- Failing to design, build and mark adequate exits in case of emergency; and
- Failing to properly train and supervise employees in an appropriate plan of action in case of an emergency.
Whether Gasper will succeed in her cases against MGM, the Mandalay Bay Hotel and against Live Nation is still to be seen. If the case were tried under South Carolina law, the case would turn on whether the shooting was foreseeable.
Comparing South Carolina Personal Injury Case Law
Personal injury law is complicated and nuanced. Every state has slightly different laws, and cases can turn on what might seem minor facts and details. A South Carolina case from 2011 provides an interesting comparison.
Bass v. Gopal, Inc., 716 SE 2d 910 (S.C. 2011) involved a shooting at a Super 8 Motel. Super 8 Motels are exterior corridor-style motels. In 1999, the plaintiff Gerald Bass was a guest at the motel. At approximately 10:00 p.m. one night, a man knocked on the door. Bass looked through the peephole but did not see anyone. He did not open the door. A second knock came and now he saw a man but, again, did not open the door. After a third knock, he did open the door and the man who had knocked demanded money from Bass. When Bass refused, the man shot Bass in the leg.
Bass sought medical care and eventually sued the motel for negligence.
Duty of South Carolina Businesses to Take Reasonable Actions to Protect Against Foreseeable Risks
In resolving the case, the South Carolina Supreme Court examined the elements on negligence listed above.
In reference to the first element (duty) the Supreme Court stated that the motel had a duty to protect Bass. Indeed, all business owners have a duty to protect their guests. According to the court, the extent of a business owner’s duty to protect guests depends on whether the innkeeper/business knew or had reason to know of a probability of harm. From an analysis of case law, the court then specifically held that a business owner has a duty to take reasonable actions to protect guests against foreseeable risks of physical harm.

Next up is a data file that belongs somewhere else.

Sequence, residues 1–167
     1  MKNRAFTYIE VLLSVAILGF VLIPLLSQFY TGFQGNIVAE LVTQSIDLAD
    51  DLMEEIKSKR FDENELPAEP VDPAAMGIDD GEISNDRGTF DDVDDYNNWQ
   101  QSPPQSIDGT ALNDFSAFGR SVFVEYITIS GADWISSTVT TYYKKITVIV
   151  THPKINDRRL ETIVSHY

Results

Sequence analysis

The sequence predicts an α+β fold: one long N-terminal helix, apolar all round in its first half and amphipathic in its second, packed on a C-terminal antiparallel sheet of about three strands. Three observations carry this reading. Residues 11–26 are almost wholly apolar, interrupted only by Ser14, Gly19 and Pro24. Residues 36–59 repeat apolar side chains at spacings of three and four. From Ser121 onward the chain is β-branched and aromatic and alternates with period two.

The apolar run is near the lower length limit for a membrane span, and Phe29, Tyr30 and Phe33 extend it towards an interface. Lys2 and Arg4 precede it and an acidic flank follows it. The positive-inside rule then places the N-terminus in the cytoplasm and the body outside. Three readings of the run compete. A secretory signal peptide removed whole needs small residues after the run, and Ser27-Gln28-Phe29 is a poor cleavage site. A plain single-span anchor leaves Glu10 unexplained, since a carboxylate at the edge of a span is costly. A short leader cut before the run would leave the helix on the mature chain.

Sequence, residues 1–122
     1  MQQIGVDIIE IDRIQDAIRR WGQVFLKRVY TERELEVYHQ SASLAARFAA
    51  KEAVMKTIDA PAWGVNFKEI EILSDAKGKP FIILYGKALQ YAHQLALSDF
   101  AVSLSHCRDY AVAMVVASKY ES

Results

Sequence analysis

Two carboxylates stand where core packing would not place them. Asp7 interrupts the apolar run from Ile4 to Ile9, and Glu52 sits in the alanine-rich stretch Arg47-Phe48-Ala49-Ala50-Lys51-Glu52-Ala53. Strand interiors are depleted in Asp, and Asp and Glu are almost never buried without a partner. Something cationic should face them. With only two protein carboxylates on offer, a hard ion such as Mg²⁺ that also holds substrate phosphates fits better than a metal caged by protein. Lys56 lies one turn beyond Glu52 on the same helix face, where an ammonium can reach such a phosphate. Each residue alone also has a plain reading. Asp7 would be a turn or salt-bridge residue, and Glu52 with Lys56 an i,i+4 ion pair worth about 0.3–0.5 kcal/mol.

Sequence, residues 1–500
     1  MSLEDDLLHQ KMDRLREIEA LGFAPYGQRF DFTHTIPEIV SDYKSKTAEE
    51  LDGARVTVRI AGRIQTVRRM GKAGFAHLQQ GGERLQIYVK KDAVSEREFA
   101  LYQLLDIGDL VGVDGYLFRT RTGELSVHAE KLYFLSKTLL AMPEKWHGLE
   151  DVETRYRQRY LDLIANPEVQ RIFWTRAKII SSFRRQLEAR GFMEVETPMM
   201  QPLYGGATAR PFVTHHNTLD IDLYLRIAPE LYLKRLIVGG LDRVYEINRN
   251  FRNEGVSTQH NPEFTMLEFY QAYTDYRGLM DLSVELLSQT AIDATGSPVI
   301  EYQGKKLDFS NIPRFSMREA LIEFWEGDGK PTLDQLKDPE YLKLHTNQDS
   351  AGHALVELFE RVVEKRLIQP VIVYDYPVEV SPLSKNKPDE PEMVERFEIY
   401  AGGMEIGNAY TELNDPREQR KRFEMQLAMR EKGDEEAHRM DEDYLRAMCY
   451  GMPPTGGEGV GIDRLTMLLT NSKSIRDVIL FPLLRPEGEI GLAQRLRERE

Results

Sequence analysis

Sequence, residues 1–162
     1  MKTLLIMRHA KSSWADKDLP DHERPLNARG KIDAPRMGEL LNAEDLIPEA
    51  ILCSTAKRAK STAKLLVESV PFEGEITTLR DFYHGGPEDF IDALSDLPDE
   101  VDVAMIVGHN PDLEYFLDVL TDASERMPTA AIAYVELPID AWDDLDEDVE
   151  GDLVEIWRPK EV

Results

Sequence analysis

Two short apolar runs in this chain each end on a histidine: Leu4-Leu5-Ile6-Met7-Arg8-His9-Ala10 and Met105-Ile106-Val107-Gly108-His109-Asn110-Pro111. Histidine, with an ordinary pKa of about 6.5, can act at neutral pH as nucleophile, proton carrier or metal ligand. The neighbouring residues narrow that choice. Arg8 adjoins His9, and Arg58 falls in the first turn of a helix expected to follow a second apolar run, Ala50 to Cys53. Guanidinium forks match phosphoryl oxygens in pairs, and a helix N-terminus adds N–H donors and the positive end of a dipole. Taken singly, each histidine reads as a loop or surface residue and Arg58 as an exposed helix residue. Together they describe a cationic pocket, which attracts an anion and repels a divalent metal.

Breach of Duty – Balancing Test
The second element of negligence is breach of duty. In terms of what actions or non-actions constitute a breach of the duty to keep guests safe, the court adopted a “balancing test” where, if a crime/harm/risk is foreseeable, then the actions that must be taken depend on what security measures are economically feasible.
In his case, Bass argued that the Super 8 motel was in a high-crime area. As such, the risk of crime was foreseeable. Bass further argued that, while the motel had sufficient lighting and industry standard locks on the doors, the motel should have installed closed-circuit televisions thereby allowing motel guards and personnel to surveil the motel for suspicious persons and activity.
At the trial level, Bass lost on paper motions prior to trial. Bass could not provide any evidence of prior attempted robberies and shooting at this Super 8 Motel. The trial court held that it was not enough to say the neighborhood was “high-crime” and not enough to offer crime statistics for Super 8 Motels around the country. The Supreme Court affirmed and upheld dismissal of Bass’ case.
Applying the Bass holding to the Mandalay Bay Hotel shooting, it is likely that that case will also turn on knowledge and foreseeability. Given the sheer number of guns and given the extensive security and surveillance at the Mandalay Bay Hotel, it is possible that the hotel had enough information to impute knowledge about the guns. If true, then the risk of harm may have been foreseeable and, the hotel may have had a duty to take actions to prevent the harm.
Call David R. Price, Jr., P.A. – Your Greenville Personal Injury Attorney
If you have been injured because of the negligence of some third party, contact the personal injury attorneys at David R. Price, Jr., P.A. in Greenville, South Carolina. David Price has been helping South Carolina citizens obtain monetary compensation for personal injuries since 2006. Call David Price today for a free consultation and help with your claim.